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Farm Unions Resist Imports, But Agree to Lower Rice Price

June 12, 1987

TOKYO (AP) _ Japan’s major agricultural unions vowed to fight to preserve Japan’s farm import barriers, but agreed to the first cut in the price paid for rice in 31 years, a union official said.

Rice, the nation’s staple food, is about three times as expensive in Japan as in the United States in spite of government subsidies, because of an import ban.

In a statement to be presented to the government, Zenchu, the Central Union of Agricultural Cooperatives, demanded that the present food control system be preserved for the sake of food security.

″To assure the security and stability of the food supply, we oppose any opening of the rice market, and will continue our opposition to lifting import barriers for beef, oranges″ and other agricultural products, the statement said.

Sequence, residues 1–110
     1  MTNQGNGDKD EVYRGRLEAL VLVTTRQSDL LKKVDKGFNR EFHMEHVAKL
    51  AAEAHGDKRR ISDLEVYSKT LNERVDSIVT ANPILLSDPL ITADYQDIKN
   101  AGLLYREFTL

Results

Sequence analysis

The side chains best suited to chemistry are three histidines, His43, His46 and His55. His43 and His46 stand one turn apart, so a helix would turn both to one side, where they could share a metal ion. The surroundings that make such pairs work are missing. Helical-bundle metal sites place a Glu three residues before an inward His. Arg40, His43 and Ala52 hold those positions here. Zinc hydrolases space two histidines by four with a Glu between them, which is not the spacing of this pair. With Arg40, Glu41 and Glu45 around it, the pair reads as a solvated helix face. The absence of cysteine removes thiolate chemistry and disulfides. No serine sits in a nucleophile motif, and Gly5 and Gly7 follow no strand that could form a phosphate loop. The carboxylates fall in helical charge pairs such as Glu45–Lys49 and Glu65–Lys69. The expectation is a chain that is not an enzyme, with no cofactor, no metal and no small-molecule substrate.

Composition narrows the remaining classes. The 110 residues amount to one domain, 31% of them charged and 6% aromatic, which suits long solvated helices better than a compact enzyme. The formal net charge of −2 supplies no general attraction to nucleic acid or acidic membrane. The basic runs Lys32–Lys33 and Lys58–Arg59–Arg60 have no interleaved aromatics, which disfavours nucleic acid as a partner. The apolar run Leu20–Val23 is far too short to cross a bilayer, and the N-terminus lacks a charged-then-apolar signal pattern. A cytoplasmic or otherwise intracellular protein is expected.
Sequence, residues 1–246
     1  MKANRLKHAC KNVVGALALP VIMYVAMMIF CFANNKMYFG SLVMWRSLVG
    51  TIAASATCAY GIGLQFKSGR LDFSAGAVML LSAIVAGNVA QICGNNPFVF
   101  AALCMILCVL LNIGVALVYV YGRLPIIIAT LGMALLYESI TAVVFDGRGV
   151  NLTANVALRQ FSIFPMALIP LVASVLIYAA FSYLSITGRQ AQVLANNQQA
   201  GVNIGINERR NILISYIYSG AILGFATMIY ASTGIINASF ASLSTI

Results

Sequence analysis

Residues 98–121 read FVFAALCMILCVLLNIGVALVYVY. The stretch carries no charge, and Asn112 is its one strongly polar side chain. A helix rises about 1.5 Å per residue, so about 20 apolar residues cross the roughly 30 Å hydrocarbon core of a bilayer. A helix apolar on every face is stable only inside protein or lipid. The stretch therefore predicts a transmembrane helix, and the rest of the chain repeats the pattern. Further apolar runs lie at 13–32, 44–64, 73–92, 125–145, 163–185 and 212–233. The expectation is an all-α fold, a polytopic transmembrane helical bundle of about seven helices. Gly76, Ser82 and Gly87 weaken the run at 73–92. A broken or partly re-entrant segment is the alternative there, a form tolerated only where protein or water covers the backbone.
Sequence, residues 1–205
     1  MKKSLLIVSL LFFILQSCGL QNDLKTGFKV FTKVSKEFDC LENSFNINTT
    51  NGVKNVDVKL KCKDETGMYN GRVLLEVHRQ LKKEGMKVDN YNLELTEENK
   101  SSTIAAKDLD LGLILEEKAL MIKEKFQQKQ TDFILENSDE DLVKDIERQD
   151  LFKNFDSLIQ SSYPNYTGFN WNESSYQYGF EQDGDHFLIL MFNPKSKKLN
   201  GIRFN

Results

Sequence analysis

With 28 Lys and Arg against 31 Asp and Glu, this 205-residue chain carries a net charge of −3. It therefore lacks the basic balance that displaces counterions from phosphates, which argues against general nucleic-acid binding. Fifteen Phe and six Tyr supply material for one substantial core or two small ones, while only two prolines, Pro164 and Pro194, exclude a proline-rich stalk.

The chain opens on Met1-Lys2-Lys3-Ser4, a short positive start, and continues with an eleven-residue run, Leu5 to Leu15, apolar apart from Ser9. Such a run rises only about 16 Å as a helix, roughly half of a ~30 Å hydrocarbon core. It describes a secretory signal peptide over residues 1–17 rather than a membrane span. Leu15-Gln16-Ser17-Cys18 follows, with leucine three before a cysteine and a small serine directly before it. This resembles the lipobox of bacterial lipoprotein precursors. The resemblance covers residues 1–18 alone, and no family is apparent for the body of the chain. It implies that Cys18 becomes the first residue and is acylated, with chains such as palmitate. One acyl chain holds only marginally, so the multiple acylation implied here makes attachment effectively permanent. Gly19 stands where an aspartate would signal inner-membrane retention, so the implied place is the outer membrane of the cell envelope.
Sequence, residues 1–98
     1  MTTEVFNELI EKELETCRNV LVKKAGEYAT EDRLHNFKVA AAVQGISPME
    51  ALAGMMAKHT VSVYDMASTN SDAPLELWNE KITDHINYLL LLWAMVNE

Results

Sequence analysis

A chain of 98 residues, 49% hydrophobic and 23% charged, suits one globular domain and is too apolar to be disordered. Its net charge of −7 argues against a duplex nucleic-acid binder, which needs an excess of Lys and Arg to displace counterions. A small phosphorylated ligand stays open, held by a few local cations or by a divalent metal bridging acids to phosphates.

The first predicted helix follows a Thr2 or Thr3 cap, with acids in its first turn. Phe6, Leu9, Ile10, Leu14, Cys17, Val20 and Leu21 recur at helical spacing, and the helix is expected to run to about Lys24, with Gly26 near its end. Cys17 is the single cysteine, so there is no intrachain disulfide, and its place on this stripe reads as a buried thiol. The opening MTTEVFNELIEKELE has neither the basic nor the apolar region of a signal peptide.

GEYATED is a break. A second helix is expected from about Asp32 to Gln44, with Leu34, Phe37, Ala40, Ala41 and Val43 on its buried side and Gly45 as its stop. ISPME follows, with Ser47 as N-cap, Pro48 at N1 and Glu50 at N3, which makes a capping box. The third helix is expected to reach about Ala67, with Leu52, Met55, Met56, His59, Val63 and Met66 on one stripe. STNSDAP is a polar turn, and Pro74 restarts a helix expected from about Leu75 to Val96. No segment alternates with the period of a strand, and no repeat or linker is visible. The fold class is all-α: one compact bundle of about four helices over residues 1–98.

Representatives of farm cooperatives throughout Japan also agreed to request that the average price of rice be cut by about 3.37 percent. Increasing yields and lower labor costs contributed to lower costs in the past year, justifying a price cut, according to Zenchu’s written statement.

The government has asked that the price it pays producers for rice be cut by 7 to 8 percent this year.

Japan buys almost all rice from farmers and sells it to consumers at somewhat lower prices.

The U.S. government and American farmers have criticized Japan for restricting imports of rice and other farm products.

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